Tuesday, August 24, 2010
"aren't you afraid of traveling alone ? "
If I had a dollar for every time I have been asked this question, I could have bought a round the world air ticket by now....Seriously, this is by far the most common question I get asked from almost everyone I meet when I tell them I am about to embark on yet another trip to a faraway land. Usually there is a second question that comes right after this one, something to the effect of "Do you feel safe as a woman traveling on her own?" and before they go on to the next question about whether or not I get homesick, I begin to smile, and gently shake my head "no" and begin to explain to them something I have been sharing for most of my life.
No, I am not afraid of traveling alone. This is an absolutely foreign concept to me. I have been on airplanes since I was 4, traveling alone on buses since I was 10, and living on my own since I was 18. I am not afraid of my own company. In fact, I actually like and often prefer my own company. I am usually pretty fun to be with and seem to have honed some pretty good survival skills over the years to cope with whatever situation is presented to me (and there have been many...more on that in another entry or two..)
Sure I have some fears in life (riding rollercoasters comes to mind right now) but getting on an airplane and landing in a country where I know no one and no one knows me continues continues to be one of the most exhilarating experiences that I have in my life. It is hard for me to describe the adrenaline I feel days (sometimes even weeks) before I am about to go on another trip. My sense of adventure for the unknown is so heightened that I often have to make sure my mind's eye doesn't take over and create a whole scenario for me before I even get to where I am going.
I am a believer in letting things "unfold" as they need to though I do believe in at least booking a hotel room or 2 in advance (tripadvisor.com is really good for this) so I can just land, get to my room, and start exploring with no time wasted. And yes, I still have whims (that I often act on) of getting on a train or plane and just going "somewhere" and not knowing much about what I am about to see. I did that in Vietnam 2 years ago and for a month I traveled up the entire coast from the Mekong Delta to Saigon and then onward to Hanoi with nothing more than a lonely planet guide book in tow and the recommendations of fellow travelers I met along the way.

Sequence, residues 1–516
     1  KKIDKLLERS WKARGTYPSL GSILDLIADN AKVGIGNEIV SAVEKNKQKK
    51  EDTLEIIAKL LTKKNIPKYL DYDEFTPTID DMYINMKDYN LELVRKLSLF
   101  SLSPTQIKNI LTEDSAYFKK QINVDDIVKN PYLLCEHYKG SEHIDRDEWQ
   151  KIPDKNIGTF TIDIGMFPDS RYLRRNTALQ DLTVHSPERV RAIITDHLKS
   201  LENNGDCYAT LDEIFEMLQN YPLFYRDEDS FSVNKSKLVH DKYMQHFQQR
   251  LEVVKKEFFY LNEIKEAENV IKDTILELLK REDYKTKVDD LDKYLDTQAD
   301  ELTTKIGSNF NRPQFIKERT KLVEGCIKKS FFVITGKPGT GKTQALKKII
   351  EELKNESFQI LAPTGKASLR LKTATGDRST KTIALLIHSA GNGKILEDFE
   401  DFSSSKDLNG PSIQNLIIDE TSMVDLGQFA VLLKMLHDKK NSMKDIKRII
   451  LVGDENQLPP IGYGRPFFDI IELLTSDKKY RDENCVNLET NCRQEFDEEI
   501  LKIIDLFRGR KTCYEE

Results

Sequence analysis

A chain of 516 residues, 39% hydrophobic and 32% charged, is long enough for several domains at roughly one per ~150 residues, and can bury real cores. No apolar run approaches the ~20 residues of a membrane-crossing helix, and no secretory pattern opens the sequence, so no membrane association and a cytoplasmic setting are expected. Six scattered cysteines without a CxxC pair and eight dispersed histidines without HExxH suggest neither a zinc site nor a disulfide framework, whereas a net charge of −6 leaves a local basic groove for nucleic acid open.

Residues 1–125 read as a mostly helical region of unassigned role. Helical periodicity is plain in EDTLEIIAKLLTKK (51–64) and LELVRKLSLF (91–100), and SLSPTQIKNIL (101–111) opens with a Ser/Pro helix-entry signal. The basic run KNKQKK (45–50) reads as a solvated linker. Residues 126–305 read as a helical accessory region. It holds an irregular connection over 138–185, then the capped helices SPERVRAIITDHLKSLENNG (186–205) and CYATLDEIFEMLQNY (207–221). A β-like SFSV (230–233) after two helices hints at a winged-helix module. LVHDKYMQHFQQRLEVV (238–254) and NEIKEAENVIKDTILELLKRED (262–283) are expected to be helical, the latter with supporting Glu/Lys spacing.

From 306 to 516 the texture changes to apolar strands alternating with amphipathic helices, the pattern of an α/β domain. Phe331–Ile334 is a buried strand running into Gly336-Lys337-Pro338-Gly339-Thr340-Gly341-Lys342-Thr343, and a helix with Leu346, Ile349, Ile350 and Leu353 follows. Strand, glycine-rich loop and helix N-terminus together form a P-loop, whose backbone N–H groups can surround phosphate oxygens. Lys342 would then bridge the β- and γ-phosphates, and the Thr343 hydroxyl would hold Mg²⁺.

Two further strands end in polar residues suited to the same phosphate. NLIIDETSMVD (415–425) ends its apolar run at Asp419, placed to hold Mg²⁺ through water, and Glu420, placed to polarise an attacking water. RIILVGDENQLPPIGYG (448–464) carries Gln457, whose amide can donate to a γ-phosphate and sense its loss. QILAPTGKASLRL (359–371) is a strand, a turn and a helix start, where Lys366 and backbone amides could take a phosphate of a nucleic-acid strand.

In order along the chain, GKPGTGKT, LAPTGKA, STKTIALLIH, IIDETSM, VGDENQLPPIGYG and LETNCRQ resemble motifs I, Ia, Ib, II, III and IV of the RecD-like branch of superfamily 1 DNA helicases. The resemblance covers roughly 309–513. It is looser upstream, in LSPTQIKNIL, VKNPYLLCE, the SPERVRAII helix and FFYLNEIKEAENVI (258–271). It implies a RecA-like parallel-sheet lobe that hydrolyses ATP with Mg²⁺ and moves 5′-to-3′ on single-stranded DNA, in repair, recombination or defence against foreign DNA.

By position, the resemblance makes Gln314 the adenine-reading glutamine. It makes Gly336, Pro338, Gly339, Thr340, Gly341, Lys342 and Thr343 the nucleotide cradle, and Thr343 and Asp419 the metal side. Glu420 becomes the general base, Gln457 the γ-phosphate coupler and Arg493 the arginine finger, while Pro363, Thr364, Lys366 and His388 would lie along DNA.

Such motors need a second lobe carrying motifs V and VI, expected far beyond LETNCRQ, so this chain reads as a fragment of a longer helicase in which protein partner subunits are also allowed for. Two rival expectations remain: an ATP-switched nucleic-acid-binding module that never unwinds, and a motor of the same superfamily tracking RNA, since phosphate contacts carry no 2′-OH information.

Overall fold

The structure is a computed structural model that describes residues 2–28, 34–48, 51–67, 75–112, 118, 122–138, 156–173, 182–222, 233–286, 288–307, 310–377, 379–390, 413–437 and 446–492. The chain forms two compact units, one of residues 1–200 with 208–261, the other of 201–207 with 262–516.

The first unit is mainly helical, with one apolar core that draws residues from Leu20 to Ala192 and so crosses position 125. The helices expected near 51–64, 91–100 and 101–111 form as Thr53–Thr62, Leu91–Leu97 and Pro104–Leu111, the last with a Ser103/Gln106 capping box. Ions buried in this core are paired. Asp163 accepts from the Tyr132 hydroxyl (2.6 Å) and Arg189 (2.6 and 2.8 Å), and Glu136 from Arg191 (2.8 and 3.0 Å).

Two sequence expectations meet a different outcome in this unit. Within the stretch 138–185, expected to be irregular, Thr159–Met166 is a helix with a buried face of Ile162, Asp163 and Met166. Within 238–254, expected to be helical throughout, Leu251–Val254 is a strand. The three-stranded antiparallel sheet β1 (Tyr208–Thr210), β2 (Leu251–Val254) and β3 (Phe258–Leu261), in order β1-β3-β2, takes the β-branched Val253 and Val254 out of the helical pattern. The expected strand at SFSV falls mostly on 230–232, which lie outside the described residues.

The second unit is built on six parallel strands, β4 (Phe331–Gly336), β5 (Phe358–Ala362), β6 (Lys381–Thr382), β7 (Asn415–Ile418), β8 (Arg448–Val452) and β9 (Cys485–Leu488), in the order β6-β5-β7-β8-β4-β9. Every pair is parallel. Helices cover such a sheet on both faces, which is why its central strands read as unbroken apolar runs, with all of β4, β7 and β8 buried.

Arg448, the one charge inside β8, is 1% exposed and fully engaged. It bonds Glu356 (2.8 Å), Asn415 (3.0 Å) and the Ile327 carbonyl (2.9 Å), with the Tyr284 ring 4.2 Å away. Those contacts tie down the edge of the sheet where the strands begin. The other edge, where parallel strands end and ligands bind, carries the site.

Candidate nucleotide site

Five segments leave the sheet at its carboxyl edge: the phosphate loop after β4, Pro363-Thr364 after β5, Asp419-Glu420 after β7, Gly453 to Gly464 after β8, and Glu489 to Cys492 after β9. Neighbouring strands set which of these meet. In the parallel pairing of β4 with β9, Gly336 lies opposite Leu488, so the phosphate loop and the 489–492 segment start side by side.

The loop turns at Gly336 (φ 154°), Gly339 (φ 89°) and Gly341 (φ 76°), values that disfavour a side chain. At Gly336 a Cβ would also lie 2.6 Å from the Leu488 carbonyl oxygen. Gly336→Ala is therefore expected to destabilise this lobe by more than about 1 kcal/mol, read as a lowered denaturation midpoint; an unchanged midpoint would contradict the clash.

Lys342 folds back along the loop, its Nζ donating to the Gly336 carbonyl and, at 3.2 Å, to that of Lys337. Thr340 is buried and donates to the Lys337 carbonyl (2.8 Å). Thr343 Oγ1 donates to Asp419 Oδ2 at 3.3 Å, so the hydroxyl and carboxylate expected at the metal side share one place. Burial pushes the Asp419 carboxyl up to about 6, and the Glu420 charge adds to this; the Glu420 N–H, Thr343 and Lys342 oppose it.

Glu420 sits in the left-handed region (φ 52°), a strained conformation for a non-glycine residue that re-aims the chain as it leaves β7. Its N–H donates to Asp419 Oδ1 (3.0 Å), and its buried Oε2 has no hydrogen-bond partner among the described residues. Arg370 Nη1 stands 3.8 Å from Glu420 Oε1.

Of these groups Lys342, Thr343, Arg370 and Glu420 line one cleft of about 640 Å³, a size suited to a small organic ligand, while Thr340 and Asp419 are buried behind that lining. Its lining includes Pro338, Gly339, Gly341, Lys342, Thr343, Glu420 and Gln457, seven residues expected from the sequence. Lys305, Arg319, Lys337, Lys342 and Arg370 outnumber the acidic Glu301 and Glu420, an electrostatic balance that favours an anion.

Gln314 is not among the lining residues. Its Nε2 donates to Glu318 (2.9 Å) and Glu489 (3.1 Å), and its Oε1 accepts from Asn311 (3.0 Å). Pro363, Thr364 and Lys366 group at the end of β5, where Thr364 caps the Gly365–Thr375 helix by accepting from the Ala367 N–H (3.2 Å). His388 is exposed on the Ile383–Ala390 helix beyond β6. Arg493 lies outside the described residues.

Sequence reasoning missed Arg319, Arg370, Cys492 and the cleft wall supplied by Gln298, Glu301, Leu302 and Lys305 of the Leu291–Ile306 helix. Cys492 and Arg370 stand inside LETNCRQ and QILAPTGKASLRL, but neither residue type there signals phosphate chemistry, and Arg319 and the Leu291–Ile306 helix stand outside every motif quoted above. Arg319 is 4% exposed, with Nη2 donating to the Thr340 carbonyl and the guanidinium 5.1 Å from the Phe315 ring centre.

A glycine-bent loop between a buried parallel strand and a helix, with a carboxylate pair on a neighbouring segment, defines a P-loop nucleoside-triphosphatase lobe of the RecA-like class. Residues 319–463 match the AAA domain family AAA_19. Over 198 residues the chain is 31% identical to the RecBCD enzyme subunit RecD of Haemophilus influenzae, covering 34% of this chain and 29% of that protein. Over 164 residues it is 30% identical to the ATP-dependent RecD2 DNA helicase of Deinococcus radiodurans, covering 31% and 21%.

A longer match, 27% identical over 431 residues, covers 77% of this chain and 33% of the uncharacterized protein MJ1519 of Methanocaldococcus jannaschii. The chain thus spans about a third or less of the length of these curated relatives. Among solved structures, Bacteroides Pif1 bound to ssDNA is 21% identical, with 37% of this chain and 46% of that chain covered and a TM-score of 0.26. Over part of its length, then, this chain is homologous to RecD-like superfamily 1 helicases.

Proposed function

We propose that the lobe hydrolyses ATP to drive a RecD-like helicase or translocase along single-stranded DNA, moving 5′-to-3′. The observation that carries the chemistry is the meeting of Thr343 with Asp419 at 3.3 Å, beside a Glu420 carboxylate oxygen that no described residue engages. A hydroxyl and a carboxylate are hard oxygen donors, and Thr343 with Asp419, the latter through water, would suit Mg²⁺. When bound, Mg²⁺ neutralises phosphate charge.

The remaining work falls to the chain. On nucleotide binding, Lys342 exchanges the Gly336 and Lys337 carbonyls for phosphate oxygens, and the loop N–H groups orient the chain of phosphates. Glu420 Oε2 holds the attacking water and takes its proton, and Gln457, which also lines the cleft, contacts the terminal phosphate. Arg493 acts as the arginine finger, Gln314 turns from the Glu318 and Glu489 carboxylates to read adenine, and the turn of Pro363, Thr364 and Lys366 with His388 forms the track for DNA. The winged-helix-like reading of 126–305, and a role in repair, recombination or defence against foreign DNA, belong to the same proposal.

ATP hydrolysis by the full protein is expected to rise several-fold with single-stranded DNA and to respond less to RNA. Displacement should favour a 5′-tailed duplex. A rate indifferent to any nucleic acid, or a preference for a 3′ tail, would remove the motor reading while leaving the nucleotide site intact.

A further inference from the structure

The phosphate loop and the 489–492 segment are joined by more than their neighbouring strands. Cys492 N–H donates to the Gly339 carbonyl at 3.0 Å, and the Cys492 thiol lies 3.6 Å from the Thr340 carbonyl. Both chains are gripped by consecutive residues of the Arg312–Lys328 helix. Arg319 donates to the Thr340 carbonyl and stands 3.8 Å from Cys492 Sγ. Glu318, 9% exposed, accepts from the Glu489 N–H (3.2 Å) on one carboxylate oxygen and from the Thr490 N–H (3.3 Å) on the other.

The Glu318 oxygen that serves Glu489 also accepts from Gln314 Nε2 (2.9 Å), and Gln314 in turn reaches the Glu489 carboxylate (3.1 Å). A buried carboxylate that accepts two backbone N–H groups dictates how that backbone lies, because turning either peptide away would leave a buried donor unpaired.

"There are never any strangers in life- only friends you haven't met". These were the words I saw on a worn wooden plaque over our dining room table in my childhood home in Orange, Connecticut. These words continue to ring true for me and I often recite them to myself as I make my way down cobblestone streets in unknown cities and villages where heads often turn from cafe tables and store windows and I am greeted with warm smiles and gentle nods of "sawatdee ka" and "guten morgen".
Perhaps what makes me feel most safe in any foreign country is connecting and playing with the children. Truly this has been my playground and the many moments of laughter and joy I have with these kids will continue to inspire me to travel more. Kids just aren't afraid, plain and simple. They still haven't been told that some people are "bad" and some people are "good". Their sixth sense is completely intact and they just "know" when you want to be friends with them and play. There is no second guessing with them. Just the other day, I was playing with a 2-year old adopted Chinese girl who had never met me before and within 5 minutes of me talking and laughing with her, she gently grabbed my hand and asked me to walk her to the pool to play. An hour later, she gave me a kiss on the lips and said "bye bye" in broken english...a trust was built and then shared....if only everyone got along so easily and well.
So the bottom line is this: traveling alone is safe and often a great deal of fun. If you are open-minded, friendly, and willing to start up a conversation with strangers, you will never feel alone. If you are resourceful, have done some homework on where you are, even better. You will get a good sense of the lay of the land pretty quickly and there always seems to be someone just around the corner that can at least point you in the right direction of "somewhere"
Knowing the language is always helpful but what I find even more helpful is being really good at pointing to words in a dictionary when asking for help. Being clever with nonverbal gestures can also be a lifesaver as has been the case for me in dozens of foreign places around the world where the locals did not speak a word of English. ( Chau Doc, Vietnam comes to mind right now)
And yes, being a woman that travels alone also has some challenges but I sense I really don't need to lecture you all on how to "be" ; Just be yourself, walk with confidence, smile a lot, and just know when to walk away from a situation that might seem "dangerous". Most important of all, trust your instinct- it is usually spot on.
But do remember this: once you get the hang of traveling on your own and have rid yourself of those "demons and fears", you will feel the whole world is literally at your fingertips. No one or nothing can stop you. And that is a pretty darn cool place to be.
If you have any experiences and helpful advice that you would like to share from traveling alone (either as a woman or man !), please share. I would love to hear from you.
until next time....be safe but dont be scared.